In addition to the UN peace-keepers, there are dozens of monitors from the Organisation for Security and Co-operation in Europe (OSCE), the European Union and numerous non-governmental organisations. The OSCE "spill-over monitoring mission" was created to prevent the spread of war in former Yugoslavia to the south. Since 1996 the organisation has focused especially on inter-ethnic relations and human rights issues. Efforts to promote civil society and ethnic Macedonian-Albanian relations have to date been disappointing and have revealed little will seriously to work towards such a goal. Privately, Macedonian officials and party leaders42 express impatience with foreign monitoring organisations' on-going discussions regarding such issues as human rights, inter-ethnic relations and the development of civil society. Macedonian leaders welcome the international commitment to Macedonian security, but they vehemently object to political oversight. The OSCE is handicapped by the nature of its mandate, which the government has at times threatened not to renew. The organisation is thus limited in its ability to adopt a critical stance. For example, its response to the recent Human Rights Watch report which was critical of its lack of comment on human rights abuses in Macedonia was highly defensive. Many outside observers argue, however, that the presence of the international organisations has at least had a cooling, moderating influence on the worst nationalist tendencies in the country.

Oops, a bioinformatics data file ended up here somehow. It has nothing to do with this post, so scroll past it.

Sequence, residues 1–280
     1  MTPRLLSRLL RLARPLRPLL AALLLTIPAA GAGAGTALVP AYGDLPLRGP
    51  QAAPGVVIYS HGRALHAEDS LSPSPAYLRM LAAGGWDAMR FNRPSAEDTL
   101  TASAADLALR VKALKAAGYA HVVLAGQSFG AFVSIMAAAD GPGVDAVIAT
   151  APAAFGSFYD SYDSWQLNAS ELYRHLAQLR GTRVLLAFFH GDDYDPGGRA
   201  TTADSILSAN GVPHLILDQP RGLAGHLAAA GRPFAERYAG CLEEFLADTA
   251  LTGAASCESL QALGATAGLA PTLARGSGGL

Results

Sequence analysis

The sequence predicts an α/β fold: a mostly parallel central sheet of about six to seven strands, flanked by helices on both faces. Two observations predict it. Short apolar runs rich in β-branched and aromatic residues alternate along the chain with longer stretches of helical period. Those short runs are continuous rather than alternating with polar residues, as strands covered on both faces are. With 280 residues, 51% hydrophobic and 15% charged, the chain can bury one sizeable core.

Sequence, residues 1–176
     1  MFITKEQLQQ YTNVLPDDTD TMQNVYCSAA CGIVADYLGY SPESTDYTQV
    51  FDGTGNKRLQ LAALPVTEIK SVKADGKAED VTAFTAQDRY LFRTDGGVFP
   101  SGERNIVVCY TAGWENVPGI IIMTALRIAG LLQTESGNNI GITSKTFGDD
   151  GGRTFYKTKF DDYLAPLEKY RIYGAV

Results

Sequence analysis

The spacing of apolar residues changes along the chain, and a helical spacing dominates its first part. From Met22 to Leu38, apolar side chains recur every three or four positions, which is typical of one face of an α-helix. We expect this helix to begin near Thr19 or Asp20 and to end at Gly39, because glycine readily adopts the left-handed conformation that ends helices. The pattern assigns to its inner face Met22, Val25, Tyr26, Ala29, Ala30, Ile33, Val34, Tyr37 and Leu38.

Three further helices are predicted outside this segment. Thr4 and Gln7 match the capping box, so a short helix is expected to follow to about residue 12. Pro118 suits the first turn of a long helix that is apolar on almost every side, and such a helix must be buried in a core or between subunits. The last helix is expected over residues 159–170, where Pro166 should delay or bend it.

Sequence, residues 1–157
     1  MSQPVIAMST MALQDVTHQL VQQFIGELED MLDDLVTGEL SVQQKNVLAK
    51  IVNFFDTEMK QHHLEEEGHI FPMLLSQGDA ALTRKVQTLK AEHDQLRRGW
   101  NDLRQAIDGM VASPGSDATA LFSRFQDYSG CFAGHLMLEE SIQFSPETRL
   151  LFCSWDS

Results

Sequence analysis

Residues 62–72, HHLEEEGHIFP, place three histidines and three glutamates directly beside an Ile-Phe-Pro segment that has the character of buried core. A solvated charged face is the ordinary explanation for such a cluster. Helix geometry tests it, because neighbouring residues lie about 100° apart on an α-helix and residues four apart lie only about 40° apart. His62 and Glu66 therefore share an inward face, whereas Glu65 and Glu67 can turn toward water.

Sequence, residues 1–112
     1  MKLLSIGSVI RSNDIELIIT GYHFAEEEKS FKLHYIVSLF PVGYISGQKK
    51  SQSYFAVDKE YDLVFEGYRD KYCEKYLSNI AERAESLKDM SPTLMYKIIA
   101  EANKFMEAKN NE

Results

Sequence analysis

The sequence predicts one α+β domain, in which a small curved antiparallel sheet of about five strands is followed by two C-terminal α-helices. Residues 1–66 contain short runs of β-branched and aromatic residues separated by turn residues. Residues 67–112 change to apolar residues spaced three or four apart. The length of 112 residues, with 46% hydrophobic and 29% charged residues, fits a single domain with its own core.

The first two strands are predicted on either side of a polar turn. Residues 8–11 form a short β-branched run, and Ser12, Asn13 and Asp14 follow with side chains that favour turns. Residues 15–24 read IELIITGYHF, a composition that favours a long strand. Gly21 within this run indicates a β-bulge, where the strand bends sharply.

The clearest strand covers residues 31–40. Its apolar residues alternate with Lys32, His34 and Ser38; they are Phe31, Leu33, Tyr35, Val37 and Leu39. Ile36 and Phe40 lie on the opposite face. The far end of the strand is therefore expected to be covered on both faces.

Kosovo Conflict Costs